Juan Lorenzo’s Answer
As the saying goes, "practice makes perfect!" I am speaking based from my experiences, and I have listed below what I did to prepare myself for interviews and hopefully, these steps can help you as well.
Juan Lorenzo recommends the following next steps:
First of all dress for the job you want, without a tuxedo, dress the part.
Second, in my opinion what everyone looks into a good candidate/good interview is someone who is concise, doesn't lose his train of thoughts, to the point, good story teller, etc.
To stand out, despite the many answers you already got, I would say:
#1 Match job posting and resume
Highlight the different part of the job posting and match it to your resume. Use maybe a few different highlighters to really distinguish the different skillset required. This will be make it easier for you to speak about what has not been highlighted (because it will come up!)
#2 Look out for the obvious
Look for the obvious questions you will be asked: Experience, gap in resume, etc. Be prepared to respond to these questions with a well prepared answer. It might be a way for you to shine.
#3 Work on story telling
A good story needs to be down to the point and follow a path of development. Don't get lost into rabbit holes and other tangent, look into the narrative and make sure it is one where you stand out.
#4 Prepare and Practice make Perfect
There will be obvious questions about your resume, also, there will be the questions we are all expecting: Tell me about yourself, what are some of your qualities, what do you like about our company, why do you want to work here, etc.?
It will vary per the role and industry but all the questions you will have will be in some sort of the same flavor from one interview to the next.
Then rehearse, under the shower, in front of the mirror, with friends, family, etc. The more you repeat your stories the more they will come naturally and when a question you have not prepared for arise you should be more relaxed to answer.
Hope this helps,
I will just add 3 items-
1) As early in the interview as possible try to ask what attributes the interviewer believes are most important for the job you are speaking about. Then make sure you are able to show where you excel in those areas.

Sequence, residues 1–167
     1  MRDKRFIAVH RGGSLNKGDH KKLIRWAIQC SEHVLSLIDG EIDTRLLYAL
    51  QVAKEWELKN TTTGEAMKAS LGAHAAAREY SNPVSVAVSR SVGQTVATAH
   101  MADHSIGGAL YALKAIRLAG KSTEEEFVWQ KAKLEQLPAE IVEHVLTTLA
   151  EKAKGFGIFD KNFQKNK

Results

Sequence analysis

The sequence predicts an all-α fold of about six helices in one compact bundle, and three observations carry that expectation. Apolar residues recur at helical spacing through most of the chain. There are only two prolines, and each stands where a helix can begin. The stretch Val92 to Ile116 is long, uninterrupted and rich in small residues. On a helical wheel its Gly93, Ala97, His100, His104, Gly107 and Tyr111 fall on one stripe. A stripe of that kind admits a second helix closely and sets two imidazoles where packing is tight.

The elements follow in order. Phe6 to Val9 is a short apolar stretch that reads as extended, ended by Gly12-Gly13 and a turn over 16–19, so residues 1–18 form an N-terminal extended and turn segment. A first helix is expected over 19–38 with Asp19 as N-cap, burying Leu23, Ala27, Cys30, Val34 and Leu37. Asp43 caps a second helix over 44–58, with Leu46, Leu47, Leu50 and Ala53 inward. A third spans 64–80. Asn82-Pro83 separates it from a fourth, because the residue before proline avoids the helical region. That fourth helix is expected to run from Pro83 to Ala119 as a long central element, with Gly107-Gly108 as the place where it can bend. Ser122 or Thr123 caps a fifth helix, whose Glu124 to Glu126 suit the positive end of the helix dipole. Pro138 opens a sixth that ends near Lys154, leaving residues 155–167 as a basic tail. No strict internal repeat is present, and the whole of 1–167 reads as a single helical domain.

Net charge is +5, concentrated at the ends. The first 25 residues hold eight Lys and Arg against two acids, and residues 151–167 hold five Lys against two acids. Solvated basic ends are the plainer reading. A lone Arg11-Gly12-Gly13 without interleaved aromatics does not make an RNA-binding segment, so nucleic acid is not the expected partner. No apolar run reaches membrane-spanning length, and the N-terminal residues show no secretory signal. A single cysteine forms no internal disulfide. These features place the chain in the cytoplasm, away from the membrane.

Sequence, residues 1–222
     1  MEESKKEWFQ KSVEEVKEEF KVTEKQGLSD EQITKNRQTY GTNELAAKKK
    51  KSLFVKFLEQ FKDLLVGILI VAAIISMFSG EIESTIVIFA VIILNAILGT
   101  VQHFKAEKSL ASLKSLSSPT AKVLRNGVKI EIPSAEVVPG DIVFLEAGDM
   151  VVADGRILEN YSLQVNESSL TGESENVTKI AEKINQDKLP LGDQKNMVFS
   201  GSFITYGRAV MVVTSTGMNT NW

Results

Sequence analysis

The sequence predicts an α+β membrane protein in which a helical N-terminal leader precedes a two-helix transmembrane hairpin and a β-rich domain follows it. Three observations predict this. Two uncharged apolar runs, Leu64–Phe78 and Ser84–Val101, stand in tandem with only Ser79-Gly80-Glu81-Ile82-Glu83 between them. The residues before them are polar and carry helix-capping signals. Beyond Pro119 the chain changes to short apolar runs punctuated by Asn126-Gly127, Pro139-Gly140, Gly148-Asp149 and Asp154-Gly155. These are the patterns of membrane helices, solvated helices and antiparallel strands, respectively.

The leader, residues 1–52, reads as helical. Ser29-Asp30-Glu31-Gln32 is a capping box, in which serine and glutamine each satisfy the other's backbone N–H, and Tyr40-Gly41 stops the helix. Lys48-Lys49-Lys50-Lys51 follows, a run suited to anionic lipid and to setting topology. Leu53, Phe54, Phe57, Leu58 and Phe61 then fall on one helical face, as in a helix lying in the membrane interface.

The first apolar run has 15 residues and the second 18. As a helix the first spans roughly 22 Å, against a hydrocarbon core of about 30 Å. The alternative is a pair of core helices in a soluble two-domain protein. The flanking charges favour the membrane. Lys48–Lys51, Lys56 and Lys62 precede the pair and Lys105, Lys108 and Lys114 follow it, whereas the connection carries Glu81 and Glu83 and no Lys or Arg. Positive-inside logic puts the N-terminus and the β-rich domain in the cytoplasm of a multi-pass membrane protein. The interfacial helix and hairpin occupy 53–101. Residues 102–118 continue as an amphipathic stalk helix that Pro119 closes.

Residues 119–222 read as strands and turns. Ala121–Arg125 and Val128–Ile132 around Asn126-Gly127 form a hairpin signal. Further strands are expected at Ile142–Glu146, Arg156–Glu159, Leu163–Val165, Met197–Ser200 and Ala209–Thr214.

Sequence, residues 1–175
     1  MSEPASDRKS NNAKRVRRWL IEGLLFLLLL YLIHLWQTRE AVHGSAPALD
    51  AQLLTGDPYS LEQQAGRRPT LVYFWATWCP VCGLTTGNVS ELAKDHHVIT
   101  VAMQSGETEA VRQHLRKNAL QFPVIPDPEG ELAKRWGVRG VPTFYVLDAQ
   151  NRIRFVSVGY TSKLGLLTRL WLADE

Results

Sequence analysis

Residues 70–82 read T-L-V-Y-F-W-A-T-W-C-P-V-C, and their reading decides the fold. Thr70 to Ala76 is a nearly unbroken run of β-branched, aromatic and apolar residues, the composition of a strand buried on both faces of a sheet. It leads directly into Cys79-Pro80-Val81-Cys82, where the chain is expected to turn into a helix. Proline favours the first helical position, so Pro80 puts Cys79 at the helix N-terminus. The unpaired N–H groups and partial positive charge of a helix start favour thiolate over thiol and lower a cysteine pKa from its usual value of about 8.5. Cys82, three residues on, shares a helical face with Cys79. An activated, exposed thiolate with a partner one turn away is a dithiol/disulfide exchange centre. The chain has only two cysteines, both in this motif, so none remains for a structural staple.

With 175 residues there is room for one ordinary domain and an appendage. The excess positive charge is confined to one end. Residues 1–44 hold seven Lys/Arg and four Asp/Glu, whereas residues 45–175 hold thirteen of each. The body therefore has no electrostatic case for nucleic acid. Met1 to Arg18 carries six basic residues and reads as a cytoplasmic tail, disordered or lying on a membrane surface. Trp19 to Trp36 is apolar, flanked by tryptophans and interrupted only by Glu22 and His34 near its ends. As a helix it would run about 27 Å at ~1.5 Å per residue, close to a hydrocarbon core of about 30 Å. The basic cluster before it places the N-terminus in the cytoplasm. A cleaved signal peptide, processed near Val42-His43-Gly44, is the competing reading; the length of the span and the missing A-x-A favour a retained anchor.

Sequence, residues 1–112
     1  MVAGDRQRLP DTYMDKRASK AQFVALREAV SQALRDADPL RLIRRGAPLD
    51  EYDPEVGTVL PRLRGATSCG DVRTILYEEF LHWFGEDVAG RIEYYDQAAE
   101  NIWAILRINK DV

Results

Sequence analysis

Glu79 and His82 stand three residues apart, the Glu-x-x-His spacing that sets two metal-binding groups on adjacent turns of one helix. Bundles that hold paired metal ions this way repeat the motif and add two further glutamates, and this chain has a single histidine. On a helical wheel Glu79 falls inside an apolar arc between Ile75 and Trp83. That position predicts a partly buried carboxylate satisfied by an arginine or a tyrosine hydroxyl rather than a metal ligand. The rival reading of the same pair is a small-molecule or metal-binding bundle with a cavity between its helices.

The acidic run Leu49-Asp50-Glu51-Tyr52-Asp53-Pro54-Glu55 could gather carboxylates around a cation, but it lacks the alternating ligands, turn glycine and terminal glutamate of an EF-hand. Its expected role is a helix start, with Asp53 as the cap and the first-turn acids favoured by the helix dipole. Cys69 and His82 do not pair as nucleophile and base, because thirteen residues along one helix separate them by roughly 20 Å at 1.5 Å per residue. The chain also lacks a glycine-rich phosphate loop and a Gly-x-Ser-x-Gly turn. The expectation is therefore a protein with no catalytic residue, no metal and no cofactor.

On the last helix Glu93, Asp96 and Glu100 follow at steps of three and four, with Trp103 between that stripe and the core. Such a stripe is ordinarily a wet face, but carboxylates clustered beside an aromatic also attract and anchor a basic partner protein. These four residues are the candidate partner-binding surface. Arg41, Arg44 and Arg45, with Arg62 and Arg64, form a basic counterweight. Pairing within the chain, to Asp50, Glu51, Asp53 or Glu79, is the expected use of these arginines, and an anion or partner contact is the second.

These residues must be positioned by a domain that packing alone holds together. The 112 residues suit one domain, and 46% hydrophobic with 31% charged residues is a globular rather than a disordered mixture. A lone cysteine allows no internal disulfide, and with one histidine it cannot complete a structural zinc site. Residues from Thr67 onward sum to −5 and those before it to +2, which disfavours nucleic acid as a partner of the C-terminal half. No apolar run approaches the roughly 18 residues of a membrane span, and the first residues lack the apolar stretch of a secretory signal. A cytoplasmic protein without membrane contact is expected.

2) As you think about what makes you a great candidate for the job, try to think of actual examples from your past and provide those in the interview. Have you heard of the STAR method? Explain to the interviewer the Situation/Task, the Action you took, and the Results of that action. Many believe the best predictor of future success is related to what you have done. So give the interviewer concrete examples of where you've had success. The more you can align them to what you learned from the interviewer to your question above, the better.
3) Be clear on what you want the interviewer to know. If you are great with people, you have outstanding organizational skills, or any other strength that you feel is important to this job role. If you are not asked a question that lets you speak about it. Make sure you add it before you leave. Example: "We spoke about several examples from my past work/school life, but before I go, I want to make sure you know that I have xxx or I excel at xxx this is a skill I would use to benefit your organization."
I hope this is helpful! Good luck with your interviews!
I write based on my experience.
I majored in chemistry in university and I was interested in computers at university.
This is my first job after graduation, and this is my answer when I interviewed for computer developers position.
Although I am not majoring in computer science, I have the ability to use computer a lot for data analysis and simulation. And I also understand your company's work, so I introduced that I can do well based on my academic ability. And after joining the company, I worked on programming development for 4 years.
This is an interview when I transferred to the sixth IT company.
I introduced the advantages that the experience of development work is helpful in technologies sales as I understand the IT field and know the technology trends. I also emphasized that I know many customers. I'm emphasizing that these various experiences have been accumulated. And as an employee of a famous global IT company, I sell H/W and S/W technologies. I always emphasize that I can build customer experience and human networks and apply them directly to our work whenever I move.
I hope it helps you.
1) Think beforehand and be ready to talk about links between the things you've done (whether in school, in clubs, volunteering, or part-time jobs) with the listed job requirements and expectations. For example, if the job involves customer service, and you've worked in retail or food service, that's customer service! Share things you've learned in those other experiences that would translate to the new job.
2) Be ready to show how you've made the most of every opportunity before you. For example, I once interviewed two people for an entry-level job, and the first said she was a member of a student organization. The second one joined the same organization, but she told me about analyzing a problem they had among the members, and how she stepped up and created a new resource to solve that problem. I hired the second one, and it proved to be a great decision.